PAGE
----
The Amherst College experiment is trying to detect a new force -- long-range interactions between electrons in the Earth’s mantle and neutrons in the laboratory.
courtesy of Steve Peck, Amherst College
Inside a cylinder mounted on a rotating table top, Amherst College physicists are trying to detect tiny perturbations within mercury atoms, caused by long-range interactions with particles in the Earth’s interior.
Although it’s something of a scientific longshot, if the experiment detects anything, it could reveal new physics—exotic particles and a force never before seen—that would shake up the physics world.
In a study published Thursday in the journal Science, the Amherst team and a collaborator at the University of Texas at Austin reported that they had not discovered new physics yet, but had put limits on the energy associated with the force that would be carried by hypothetical particles—which include the existentially evocative “unparticle.” The team is honing in on the sensitive measurements it might need to detect new physics; the new results demonstrate that the theoretical force, if it exists, is extraordinarily weak—less than a millionth of the gravitational attraction between an electron and a neutron.
“We are all doing what physicists do, which is we’re trying to check around the edges and see if things hang together. Theorists have proposed these particles, as possible things that we don’t have any reason to believe they don’t exist,” said Larry Hunter, a physics professor at Amherst. (In full disclosure, Hunter was one of my professors.)
“The probability of finding something has got to be regarded as not high, but the payoff is tremendous if you turn up a signal,” he said.
The modest-sized experiment fits easily in a room, and is an attempt to verify or rule out physics that lie beyond the widely accepted understanding of the fundamental building blocks of the universe, called the Standard Model. It’s an opposite tack from the one taken by the best-known physics experiments, such as the Large Hadron Collider, which require multinational teams of thousands of scientists and billions of dollars. The Amherst experiment uses precision measurements of a relatively small-scale setup, and drew on the efforts of a small team of five scientists.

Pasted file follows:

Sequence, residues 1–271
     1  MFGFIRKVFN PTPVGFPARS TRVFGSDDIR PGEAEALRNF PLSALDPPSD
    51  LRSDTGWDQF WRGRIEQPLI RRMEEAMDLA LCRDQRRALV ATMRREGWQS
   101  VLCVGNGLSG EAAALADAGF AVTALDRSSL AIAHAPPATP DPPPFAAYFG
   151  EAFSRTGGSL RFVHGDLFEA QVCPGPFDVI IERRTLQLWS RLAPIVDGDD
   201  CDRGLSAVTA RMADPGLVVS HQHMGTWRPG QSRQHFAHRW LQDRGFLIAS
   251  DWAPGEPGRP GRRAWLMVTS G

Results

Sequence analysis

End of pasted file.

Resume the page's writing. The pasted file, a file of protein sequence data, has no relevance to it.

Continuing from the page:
What the physicists are probing is a theoretical type of distant interaction between ordinary particles, called long-range spin-spin interactions. Short-range spin-spin interactions are well known to anyone who has ever played with magnets, Hunter points out. The spins of electrons in magnets get lined up, causing attraction. But the theorized interactions between the spins of ordinary particles, such as electrons and neutrons, would be weaker and active over much longer distances. If such a force exists, it would potentially be transmitted through particles that have been postulated but never detected.
Other experiments have hunted for such interactions by creating a source of particles in the laboratory; helium atoms’ electron spins are all lined up using polarized light. But Hunter realized that right beneath his feet was a much larger source: electrons in the Earth’s mantle, the portion of the interior between the crust and the core. He did some back-of-the-envelope calculations to estimate how Earth’s magnetic field would influence electrons in its interior, and began to get very excited. But Hunter is not a geophysicist, so he turned to to an expert, Jung-Fu Lin of the University of Texas at Austin, for help. Using modern knowledge of geophysics, the Earth’s magnetic field, and the spin of electrons in the planet’s interior, they realized they could increase the size of the source—the number of electrons that could weakly interact with the neutrons in their laboratory detector—by more than a quadrillion-fold.
There was one problem: to detect spin-spin interactions, scientists needed to be able to reverse the magnetic field of the source. That’s the crucial switch that allows them to probe whether the source was interacting through the weak force with the particles in the detector. Because they couldn’t flip the magnetic field of the Earth, Hunter instead designed an experiment in which the detector could rotate, which would allow him to look for long-range interactions between electrons in the mantle and the neutrons, subatomic particles found in mercury, in the detector.
Frank Wilczek, a Nobel laureate and physics professor at the Massachusetts Institute of Technology, said the experiment was fascinating.
“It’s very exploratory, kind of speculative work,” Wilczek said. He noted that what he considers some of the most plausible hypothetical particles, called pseudoscalar bosons, can’t be detected by this experiment because their range of interaction drops off rapidly.
“Some of the most interesting possibilities elude them,” Wilczek said. “But they are breaking new ground in other directions.”